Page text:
Nearly half, or 45 percent, of Americans either already own smart home technology or they plan to invest in it this year.
According to the recent Smart Home Marketplace Survey from Coldwell Banker Real Estate, most respondents believe a home is considered “smart” if it has smart security, temperature, lighting and/or safety.
More than two-thirds, or 70 percent, of respondents who already have smart home technology, said that buying their first smart home product made them more inclined to purchase another one.
If smart home products would help sell a home faster, 54 percent of homeowners would purchase or install the products if their home was on the market. And of these homeowners who said they’d purchase or install smart home products to help sell their property, 65 percent would pay $1,500 or more and 40 percent would pay $3,000 or more.
Seventy-two percent of millennials who own homes would pay $1,500 or more for smart home products and 44 percent would pay $3,000 or more to make their home smart.
What smart home products are most attractive to consumers? The top options were security, such as locks and alarm systems, and temperature, such as thermostats and fans, according to a tied 63 percent of respondents.
Lighting, such as light bulbs and lighting systems, were must-haves for 58 percent and safety, such as fire and carbon monoxide detectors and night lights, were important to 56 percent.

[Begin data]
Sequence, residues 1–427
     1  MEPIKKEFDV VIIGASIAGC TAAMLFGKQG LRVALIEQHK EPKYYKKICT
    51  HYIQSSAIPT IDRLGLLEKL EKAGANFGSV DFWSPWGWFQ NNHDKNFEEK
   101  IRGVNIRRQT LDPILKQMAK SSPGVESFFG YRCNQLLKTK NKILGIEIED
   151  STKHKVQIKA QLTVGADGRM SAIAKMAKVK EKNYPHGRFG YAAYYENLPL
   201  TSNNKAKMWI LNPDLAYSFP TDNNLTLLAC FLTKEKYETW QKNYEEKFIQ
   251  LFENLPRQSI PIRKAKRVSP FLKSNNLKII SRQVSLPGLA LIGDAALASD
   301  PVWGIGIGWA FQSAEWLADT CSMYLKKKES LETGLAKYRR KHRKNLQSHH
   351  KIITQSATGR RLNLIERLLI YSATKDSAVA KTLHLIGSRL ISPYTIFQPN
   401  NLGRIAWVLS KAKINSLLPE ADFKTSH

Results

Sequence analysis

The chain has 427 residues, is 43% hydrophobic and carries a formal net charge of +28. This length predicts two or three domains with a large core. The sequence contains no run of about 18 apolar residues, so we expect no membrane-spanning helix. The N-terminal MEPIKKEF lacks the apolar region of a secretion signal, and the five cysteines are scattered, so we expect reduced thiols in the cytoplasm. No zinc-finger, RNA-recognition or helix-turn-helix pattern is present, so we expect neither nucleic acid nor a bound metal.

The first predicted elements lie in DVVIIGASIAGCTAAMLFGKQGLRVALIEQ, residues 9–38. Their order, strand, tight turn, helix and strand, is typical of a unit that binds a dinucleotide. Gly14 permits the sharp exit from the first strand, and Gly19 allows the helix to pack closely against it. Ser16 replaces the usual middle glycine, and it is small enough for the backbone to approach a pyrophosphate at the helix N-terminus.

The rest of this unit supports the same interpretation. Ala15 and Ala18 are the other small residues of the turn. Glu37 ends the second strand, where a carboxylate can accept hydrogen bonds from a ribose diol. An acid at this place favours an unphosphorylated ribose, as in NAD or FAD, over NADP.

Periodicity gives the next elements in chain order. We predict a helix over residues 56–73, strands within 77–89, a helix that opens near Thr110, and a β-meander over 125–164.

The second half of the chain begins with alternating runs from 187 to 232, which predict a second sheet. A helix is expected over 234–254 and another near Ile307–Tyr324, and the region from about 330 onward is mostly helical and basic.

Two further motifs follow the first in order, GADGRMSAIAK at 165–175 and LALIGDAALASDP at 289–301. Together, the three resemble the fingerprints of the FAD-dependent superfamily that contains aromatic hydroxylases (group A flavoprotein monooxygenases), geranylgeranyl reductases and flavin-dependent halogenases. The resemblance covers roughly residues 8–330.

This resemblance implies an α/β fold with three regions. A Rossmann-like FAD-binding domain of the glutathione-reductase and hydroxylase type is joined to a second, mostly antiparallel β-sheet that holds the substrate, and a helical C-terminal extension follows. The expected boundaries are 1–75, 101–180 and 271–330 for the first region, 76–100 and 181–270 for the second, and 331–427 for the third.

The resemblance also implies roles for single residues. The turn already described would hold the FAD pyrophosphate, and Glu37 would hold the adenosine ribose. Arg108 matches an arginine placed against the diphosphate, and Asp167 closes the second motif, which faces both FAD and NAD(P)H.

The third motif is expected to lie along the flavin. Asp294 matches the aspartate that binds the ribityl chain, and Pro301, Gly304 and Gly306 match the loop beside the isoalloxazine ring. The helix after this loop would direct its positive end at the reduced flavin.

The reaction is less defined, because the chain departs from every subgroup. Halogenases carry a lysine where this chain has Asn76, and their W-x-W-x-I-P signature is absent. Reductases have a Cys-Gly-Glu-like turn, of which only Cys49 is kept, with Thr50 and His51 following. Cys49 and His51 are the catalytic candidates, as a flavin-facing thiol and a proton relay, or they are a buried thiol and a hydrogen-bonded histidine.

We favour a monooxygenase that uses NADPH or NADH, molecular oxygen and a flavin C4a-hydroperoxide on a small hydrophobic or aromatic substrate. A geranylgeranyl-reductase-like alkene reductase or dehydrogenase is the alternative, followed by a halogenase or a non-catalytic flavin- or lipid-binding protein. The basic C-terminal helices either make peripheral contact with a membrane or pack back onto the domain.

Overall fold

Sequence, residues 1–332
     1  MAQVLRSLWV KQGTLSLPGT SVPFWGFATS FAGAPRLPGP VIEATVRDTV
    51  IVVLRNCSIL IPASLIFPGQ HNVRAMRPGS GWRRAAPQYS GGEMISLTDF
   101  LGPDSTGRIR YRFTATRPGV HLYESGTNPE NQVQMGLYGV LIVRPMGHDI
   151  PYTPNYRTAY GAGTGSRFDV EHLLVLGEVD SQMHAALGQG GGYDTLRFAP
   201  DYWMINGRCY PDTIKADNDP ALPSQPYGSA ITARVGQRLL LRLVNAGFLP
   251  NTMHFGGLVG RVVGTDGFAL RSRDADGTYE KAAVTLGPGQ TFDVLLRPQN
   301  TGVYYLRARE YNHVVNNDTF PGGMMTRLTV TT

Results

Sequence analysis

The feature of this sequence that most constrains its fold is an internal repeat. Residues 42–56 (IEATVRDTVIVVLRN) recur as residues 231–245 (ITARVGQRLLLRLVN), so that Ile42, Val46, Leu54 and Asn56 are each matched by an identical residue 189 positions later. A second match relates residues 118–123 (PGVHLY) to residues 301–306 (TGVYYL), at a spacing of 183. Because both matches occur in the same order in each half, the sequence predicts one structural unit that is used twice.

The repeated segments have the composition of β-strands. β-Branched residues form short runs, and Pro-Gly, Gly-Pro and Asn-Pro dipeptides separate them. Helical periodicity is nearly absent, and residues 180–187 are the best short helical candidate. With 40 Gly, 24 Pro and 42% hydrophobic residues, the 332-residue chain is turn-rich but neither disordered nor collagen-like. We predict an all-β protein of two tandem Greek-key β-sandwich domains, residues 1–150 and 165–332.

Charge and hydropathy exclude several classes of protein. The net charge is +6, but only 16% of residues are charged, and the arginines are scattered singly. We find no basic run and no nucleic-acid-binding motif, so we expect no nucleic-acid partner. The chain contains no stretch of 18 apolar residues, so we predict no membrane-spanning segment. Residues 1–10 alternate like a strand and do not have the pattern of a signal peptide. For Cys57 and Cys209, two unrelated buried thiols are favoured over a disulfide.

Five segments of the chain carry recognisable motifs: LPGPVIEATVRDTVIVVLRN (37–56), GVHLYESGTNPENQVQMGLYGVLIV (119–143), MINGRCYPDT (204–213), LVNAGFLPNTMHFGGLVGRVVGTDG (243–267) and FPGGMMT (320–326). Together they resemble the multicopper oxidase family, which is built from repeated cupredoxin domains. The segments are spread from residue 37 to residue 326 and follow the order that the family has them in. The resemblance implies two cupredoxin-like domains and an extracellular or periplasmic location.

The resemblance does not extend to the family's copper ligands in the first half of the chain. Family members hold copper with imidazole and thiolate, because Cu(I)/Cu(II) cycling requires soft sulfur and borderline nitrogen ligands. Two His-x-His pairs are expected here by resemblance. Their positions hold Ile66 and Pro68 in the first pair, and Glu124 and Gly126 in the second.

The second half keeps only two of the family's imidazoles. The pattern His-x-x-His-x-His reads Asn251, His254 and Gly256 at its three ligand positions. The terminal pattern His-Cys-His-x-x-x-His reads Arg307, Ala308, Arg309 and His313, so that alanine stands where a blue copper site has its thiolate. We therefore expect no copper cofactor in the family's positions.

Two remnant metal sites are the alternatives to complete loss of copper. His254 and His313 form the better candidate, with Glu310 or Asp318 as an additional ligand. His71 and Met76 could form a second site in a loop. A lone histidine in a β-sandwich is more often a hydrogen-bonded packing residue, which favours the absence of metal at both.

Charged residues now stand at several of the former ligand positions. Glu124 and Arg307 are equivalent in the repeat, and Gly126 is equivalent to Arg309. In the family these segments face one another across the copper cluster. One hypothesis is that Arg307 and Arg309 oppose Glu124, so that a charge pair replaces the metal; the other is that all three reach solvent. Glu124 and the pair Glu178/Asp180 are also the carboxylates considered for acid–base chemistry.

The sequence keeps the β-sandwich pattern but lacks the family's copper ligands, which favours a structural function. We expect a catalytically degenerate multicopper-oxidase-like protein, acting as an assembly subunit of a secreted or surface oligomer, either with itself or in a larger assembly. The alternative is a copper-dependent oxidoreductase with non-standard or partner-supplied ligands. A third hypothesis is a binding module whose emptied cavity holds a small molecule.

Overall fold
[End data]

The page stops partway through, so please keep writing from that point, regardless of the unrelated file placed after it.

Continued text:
But just one category is not enough for 76 percent of respondents, who think you need at least two smart home products in different categories for a home to be considered smart. Sixty percent go even further, by saying a home needs to have smart products in three categories to be considered a smart home.
However, entertainment is the most popular type of technology that people already have in their homes, such as smart TVs and speakers, according to the report. Nearly half of people with smart home technology own a smart entertainment product.
Of those who own smart home products, more are males (57 percent) than females (43 percent), and 43 percent are millennials. And of Americans who already have smart home technology or plan to invest in this year, 36 percent said they don’t consider themselves early adopters of technology.
The survey polled more than 4,000 U.S. adults.